in the home of my maternal grandmother at 25 Bosworth
Manchester [M11 3AW] she
delivered the baby and nipped out
for ice creams etc. The house was
demolished in 2009 as part of a redevelopment.
1935 Our family home in
those days was 35 St.
Burnage, Manchester [M19 1EL]
1936 Aug. The family
21 Broadstone Rd,
Stockport, to take
over a beer-shop, the Long Pull, previously managed by paternal
until his death. My grandfather's funeral happened to be on my 1st
My brother Barrie
1939 - 1945 WWII, and my Dad
went into the R.A.F.
1940 September This
was the time
of The Battle of Britain, and
first days in school at Longford Road, Reddish, Stockport. There were
air-raid drills, and gas-masks for children and staff
Apparently diving under the desks would have protected us
September 27 Dad was
released from the R.A.F. to continue family life with Dora, Geoff and
line is reserved for
my first bike (crate,
grid-iron, ger-off-and-milk-it etc etc). A diety
named Hercules had something to do with its invention.
Due to a fall on broken glass while playing, I suffered a
to my writing-hand. An artery and tendons were
could go back in time to Stockport Infirmary and thank those good
people who eventually repaired the
damage. I remember I was treated at the time with
antibacterial tablets, forerunners of what we now recognise as
antibiotics which were a godsend for war wounded.
My brother Philip
1949 - 1952 Attended Stockport
"engineer". Students chose to specialise either as builders
or engineers and were streamed accordingly.
1952 Aug 30 (Saturday)
First flight of the Avro 698 (prototype Vulcan) at Woodford Aerodrome,
mentioned here for
reference as David Pearson and I had just 'graduated' from
into our respective
apprenticeships, David started as
apprentice at Woodford.
1952 - 1958
I enrolled as an apprentice
draughtsman at Craven Brothers
(Manchester) Ltd. We built very large machines for
metal cutting/and grinding.
six years included certification in mechanical engineering at
Stockport College. In those days the closest we got to a
degree/cap-and-gown, or even a 'reference' was advice from the
management to "Just tell 'em
where you're from lad !"
Aug 1958 - Aug 1960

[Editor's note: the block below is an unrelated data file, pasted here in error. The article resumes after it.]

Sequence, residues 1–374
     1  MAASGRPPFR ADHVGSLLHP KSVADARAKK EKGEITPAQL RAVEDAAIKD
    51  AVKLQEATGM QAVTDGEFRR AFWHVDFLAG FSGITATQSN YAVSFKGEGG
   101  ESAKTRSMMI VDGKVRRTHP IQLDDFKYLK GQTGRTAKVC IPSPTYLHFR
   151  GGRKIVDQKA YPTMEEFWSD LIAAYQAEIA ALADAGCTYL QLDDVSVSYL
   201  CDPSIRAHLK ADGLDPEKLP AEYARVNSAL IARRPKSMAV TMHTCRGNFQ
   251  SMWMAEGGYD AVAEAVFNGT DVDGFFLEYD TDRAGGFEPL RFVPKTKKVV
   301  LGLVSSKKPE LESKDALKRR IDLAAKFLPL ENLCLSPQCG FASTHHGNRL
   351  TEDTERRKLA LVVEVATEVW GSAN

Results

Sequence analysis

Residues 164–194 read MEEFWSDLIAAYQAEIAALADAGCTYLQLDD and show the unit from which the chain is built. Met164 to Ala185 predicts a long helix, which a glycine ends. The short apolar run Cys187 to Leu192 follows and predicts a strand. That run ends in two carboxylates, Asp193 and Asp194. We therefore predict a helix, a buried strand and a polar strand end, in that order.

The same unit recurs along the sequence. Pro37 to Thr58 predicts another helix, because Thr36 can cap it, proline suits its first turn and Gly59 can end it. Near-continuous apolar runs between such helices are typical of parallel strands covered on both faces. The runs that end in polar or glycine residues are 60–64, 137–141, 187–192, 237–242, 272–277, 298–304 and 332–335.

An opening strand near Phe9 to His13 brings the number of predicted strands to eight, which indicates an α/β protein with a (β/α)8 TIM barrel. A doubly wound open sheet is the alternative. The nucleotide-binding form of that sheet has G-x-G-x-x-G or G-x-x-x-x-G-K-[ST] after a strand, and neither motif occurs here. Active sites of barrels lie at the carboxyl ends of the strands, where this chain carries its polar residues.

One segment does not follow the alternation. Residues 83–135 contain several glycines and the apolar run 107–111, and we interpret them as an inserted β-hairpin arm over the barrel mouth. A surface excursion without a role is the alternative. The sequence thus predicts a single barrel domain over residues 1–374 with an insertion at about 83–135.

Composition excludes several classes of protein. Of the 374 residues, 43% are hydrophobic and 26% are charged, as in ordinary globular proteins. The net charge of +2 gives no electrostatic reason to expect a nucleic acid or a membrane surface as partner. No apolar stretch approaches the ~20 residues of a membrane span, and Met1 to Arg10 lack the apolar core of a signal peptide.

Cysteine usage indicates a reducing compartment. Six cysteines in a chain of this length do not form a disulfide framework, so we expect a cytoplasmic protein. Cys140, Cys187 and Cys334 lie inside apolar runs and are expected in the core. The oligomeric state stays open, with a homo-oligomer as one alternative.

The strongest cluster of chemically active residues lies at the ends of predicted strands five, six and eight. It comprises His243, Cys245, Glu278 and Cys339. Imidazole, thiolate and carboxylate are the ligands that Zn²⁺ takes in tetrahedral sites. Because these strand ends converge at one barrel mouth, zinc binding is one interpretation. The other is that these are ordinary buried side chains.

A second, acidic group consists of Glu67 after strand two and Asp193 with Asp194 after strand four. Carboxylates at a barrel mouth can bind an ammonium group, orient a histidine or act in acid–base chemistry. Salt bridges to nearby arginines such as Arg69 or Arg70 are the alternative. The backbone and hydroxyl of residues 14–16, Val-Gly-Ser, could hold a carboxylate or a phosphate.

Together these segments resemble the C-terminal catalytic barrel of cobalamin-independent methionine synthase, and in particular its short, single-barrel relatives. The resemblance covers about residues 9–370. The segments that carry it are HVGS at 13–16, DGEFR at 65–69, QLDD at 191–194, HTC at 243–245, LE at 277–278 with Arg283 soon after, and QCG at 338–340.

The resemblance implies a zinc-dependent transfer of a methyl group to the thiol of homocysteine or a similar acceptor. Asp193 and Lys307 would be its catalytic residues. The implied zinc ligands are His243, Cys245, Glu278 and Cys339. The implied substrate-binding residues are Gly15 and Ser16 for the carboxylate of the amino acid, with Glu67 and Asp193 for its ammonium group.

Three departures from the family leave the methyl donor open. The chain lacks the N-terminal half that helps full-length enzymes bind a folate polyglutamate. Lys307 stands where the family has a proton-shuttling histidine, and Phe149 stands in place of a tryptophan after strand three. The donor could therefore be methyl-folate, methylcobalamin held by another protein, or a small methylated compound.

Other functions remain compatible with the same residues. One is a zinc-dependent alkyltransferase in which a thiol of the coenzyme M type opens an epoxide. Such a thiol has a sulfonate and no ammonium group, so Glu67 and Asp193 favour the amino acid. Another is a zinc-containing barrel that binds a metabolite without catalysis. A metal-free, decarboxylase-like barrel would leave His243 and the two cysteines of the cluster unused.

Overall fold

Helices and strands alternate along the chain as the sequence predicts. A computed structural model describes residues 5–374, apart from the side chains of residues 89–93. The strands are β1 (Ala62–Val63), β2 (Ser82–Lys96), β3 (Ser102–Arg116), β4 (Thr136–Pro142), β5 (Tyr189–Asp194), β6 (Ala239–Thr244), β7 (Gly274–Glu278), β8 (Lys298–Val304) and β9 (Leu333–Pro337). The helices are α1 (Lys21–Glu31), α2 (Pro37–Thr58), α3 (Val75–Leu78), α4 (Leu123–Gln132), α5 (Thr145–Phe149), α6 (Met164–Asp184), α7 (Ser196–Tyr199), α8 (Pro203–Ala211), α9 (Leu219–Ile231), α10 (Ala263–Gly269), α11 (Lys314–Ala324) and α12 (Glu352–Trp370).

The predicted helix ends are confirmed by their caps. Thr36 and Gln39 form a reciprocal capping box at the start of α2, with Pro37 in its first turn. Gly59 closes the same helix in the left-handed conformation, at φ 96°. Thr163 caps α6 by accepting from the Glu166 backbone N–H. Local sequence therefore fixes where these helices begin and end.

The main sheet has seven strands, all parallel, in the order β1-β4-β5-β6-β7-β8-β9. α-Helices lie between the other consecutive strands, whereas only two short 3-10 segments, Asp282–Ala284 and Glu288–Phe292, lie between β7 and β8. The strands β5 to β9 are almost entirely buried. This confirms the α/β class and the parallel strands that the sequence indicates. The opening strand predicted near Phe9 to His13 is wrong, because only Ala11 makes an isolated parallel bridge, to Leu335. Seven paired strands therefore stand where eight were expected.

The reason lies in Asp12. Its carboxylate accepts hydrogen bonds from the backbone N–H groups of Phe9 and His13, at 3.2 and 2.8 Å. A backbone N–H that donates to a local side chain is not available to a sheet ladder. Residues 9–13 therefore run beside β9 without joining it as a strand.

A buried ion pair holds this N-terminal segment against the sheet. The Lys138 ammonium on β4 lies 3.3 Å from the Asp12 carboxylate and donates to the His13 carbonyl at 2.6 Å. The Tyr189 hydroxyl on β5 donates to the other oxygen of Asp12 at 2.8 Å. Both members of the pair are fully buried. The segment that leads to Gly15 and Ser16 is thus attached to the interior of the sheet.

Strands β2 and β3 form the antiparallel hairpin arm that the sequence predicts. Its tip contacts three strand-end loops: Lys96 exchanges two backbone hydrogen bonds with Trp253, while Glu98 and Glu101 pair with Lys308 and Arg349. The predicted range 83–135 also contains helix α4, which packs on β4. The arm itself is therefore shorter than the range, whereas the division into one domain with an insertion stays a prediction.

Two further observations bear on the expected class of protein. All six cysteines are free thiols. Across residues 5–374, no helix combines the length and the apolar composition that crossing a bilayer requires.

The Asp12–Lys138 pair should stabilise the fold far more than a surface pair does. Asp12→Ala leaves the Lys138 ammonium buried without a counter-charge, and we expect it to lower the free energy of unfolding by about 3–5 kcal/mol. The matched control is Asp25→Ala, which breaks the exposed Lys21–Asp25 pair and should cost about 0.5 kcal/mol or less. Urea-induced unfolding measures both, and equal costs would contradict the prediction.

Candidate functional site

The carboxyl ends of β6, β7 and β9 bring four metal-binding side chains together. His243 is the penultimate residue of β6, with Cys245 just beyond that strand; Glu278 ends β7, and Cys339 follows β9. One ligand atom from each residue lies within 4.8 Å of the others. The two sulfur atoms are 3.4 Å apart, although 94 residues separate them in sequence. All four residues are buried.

Two years National Service in the Royal Air Force.
No.1 Radio School
I was trained to
based radars such as 'beam-approach'
which assisted pilots
about to land, forerunner of ILS.
Those 'radars' were namely : Eureka; Babs; and Tacan.
Coincidentally, in WWII my Dad who was an R.A.F. electrician,
the air-borne counterpart equipment known as Rebecca.
Digressing for a moment, it pleases me to know that the
'Detection and Location of Aircraft by Radio Methods'
was first considered by the Air Ministry in February 1935,
the year I was born.
[ BOFFIN, p.7, by Robert Hanbury Brown FRS. ISBN: 9781 9101 9317 4 ]
Postings to :-
1962 & 1965 Our sons
John and Tony were born.
R.A.F. Locking (No.1 Radio School); R.A.F. Middleton St.
George, Darlington (Fighter station);
R.A.F. Chaplains School (Anglican), Dowdeswell Court,
another airman's account of his time at R.A.F. Locking.
1959 Oct 17
and I were married at Reddish Green
Broadstone Road, Reddish, Stockport.
1976 Apr 30 Licensed as a
callsign : G4FAS
(the G = England, U.K.) On radio frequencies up to 29.7 MHz
metres wavelength) I met many
other 'radio-hams' in more than 100 countries, communicating mainly in
1961 - 1993
company, Woodford, Cheshire as a
design draughtsman, stayed there until retiring as a principal
engineer. Was involved in the
construction, modification and restoration of many
of aircraft, e.g. Anson [G-AHKX]; Shackleton; Vulcan; 748/ATP; Nimrod;
Handley Page]; VC10 [ex Vickers].
Over the years the company name went through a number of
a design; assembly; and
flight test facility, the Woodford site closed on
2011. (My old school friend David mentioned above became a one of
few weeks prior the above Shawbury event I had retired from Woodford on
so happened that a farewell tour of
Britain by Victor-tanker XH 672 had been arranged for the same day - -
- so together with friends and collegues I
enjoyed the sight of a very quiet fly-past as the plane skimmed fast
and low across the airfield and away - - - it
was as though 'someone up there’ knew that
I was about to 'clock-out' for the very last time.
Feb 25 One of my A.V.Roe, Woodford colleagues Humphrey
MSc, engineer, died aged 87.
a boy he attended Cheadle Hulme School.
1940, in the heat the of
Battle of Britain he joined the A.V.Roe company as a
draughtsman. He worked on Lancaster bomber development,
direction of Stuart Duncan-Davies.
was my immediate superior throughout the 1970s, during which time the
Woodford team converted HP Victor-bombers to
Victor-tankers. Those tankers were to play an important
role in the
Black-Buck operation which enabled the defeat of insurgents on the
Falkland Islands in 1982.